Also, people who abuse alcohol make poor decisions.   In one study 60% of the attorneys who had a malpractice claim filed against them were suffering from substance abuse.  Hazelden Research Update (2012).   An American Bar Association report indicated that 27% of disciplinary cases involved alcohol abuse.   Id.

Simply put, drinking too much results in poor decision making.  When you drink excessively, your judgment is impaired and your emotional intelligence is greatly reduced.  See my article on the importance of emotional intelligence,  9 Reasons Why Lawyers Need Emotional Intelligence Skills.

Drinking Too Much
I have worked with an executive who often invited me to dinner.   She typically drank more than two cocktails a night followed by wine at dinner.   She was busy socially and very well connected professionally.   Her drinking also took place at professional networking events where alcohol is plentiful.   A drink or two may help to “take the edge off,” and make socializing seem easier.  When I went to these events, others would frequently comment on her drinking and laugh it off.

Everyone else knew she had a drinking problem, but she failed to consciously recognize it.   Her drinking caused her to say things to others that were not appropriate.   The problem is that it is difficult and very awkward to tell a business acquaintance that they drink too much.

This is a downward spiral, often without a good ending.   People started to dislike her because she was so inappropriate and also, they did not trust her.  People were concerned that she would be unable to hold confidences.   Eventually she was fired from her position but never saw alcohol as an issue.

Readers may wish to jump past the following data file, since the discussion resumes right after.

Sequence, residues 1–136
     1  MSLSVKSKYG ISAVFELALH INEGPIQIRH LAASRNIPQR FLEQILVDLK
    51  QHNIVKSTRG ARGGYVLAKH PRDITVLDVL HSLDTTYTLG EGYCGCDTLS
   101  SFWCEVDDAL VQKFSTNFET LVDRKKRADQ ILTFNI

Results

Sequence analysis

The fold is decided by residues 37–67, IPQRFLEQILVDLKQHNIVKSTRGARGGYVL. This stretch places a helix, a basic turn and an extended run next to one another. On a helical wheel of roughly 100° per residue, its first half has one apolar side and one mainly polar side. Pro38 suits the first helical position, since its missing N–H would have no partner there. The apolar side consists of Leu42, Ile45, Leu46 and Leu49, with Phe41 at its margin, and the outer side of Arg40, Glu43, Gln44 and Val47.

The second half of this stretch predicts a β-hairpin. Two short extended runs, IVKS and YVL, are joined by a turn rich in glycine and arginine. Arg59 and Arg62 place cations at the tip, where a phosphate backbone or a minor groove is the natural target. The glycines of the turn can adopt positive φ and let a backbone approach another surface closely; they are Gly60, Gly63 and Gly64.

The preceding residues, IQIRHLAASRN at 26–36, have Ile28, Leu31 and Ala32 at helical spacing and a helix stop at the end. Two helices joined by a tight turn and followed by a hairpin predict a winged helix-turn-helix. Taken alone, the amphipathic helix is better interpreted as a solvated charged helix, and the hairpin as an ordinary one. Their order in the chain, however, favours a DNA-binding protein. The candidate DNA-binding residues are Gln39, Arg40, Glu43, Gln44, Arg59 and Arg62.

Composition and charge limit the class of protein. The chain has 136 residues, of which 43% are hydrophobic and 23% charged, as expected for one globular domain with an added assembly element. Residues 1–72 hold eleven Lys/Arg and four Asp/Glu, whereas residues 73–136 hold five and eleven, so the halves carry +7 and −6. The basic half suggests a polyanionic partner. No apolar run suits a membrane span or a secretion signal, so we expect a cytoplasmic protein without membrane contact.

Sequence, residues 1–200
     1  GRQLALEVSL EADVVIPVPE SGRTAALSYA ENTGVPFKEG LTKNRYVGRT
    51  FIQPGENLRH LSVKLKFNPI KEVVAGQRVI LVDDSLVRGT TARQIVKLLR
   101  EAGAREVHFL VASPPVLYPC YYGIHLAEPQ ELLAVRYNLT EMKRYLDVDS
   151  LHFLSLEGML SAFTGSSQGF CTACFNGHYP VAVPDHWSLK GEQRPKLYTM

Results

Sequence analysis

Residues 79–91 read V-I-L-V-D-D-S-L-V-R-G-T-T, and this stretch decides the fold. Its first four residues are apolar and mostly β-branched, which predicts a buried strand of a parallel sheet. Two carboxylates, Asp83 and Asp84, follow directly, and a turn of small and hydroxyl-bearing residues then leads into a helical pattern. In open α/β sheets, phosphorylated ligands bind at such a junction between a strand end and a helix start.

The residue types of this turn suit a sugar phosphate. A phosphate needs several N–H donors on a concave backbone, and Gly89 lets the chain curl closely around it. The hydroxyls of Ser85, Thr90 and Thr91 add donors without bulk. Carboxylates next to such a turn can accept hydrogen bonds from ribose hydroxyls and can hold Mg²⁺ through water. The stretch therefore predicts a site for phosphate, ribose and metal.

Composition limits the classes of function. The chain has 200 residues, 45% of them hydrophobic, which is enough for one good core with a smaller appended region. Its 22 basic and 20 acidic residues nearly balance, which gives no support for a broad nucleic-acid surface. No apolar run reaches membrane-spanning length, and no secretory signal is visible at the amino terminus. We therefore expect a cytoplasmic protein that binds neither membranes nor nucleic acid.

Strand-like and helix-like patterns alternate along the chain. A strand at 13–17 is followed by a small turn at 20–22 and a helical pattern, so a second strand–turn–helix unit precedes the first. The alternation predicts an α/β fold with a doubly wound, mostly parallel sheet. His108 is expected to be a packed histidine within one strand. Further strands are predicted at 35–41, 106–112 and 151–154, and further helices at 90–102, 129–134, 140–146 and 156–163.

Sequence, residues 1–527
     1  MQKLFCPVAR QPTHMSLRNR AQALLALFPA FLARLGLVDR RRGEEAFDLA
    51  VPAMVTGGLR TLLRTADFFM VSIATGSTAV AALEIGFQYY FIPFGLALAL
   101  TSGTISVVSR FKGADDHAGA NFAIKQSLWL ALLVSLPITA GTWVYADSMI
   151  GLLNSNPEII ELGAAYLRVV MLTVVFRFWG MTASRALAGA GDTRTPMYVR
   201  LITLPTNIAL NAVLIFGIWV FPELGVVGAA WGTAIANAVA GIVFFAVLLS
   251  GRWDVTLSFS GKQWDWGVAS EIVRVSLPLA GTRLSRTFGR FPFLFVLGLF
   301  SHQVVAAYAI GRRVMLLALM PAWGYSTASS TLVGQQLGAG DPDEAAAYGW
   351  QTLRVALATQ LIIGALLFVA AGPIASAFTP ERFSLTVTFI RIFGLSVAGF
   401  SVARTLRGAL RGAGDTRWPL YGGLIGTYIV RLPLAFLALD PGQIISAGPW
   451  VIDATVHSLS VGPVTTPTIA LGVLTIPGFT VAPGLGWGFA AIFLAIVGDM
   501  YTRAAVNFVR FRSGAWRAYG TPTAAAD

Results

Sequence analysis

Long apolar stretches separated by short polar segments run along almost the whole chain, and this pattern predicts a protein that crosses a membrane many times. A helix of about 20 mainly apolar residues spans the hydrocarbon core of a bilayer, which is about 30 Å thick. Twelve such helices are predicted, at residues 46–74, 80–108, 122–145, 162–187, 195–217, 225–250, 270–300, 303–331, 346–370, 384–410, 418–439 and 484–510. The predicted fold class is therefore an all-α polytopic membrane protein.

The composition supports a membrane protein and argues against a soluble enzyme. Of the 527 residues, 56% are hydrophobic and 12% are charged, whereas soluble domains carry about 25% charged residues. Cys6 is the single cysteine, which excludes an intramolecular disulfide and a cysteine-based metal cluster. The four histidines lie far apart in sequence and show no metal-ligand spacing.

Unlike other problems a person may have, it is sometimes difficult for people to forgive alcohol or drug abuse.   This is especially true in a professional setting where you are expected to know the consequences of your actions.

One DUI is enough to ruin a career.   It is important to figure out now what you and your law firm can do to help.

Lawyers Can Reduce Drinking with These Steps

Since the problem is so prevalent and has such negative consequences, steps should be taken now to prevent alcohol abuse.   Here are some steps that you can take:

  • Education and Awareness.    Every organization should have training sessions or meetings where the topic of alcohol abuse is discussed.   The negative consequences also should be discussed along with some avenues for lawyers to get help anonymously.   This should be required training for any law firm, corporate legal department or government legal department.
  • Invest in Your Relationships.  Social support is crucial.  Attorneys need a more balanced life in order to cope with stress.   Support from other lawyers at the firm, friends and family is helpful.  Studies suggest that increased social support, including a positive relationship with a partner, has a buffering effect on stress and other co-existing psychological issues.  Beck, et al. at 7-9.   You cannot create and nurture supportive relationships if you always are at work.
  • Start a Wellness Program.   Start working out at a gym, get a good counselor with proper training to help you identify stress triggers and productive coping mechanisms, learn meditation, go for a walk outside or learn a new hobby.  If all you are is your work, you will not be very good at it.  Diversify yourself just like you do with your financial portfolio.

Honestly Assess Your Alcohol Consumption

Today, look at yourself and ask, am I drinking too much?   How much is too much depends.   This is the very reason why an alcohol problem is hard for us to spot.

Here are some questions that you might consider asking yourself:

  • Have you ever thought you should cut down your drinking?
  • Have you ever felt annoyed when people have commented on your drinking?
  • Have you ever felt guilty or badly about your drinking?

These questions are not an assessment, but only questions that you might consider.   Ewing, J.A., Detecting Alcoholism. The CAGE questionnaire. JAMA, 1984. 252(14): p. 1905-7.   If you answered yes to any of these questions, you might take a look at your alcohol consumption and determine whether it might be cause for concern.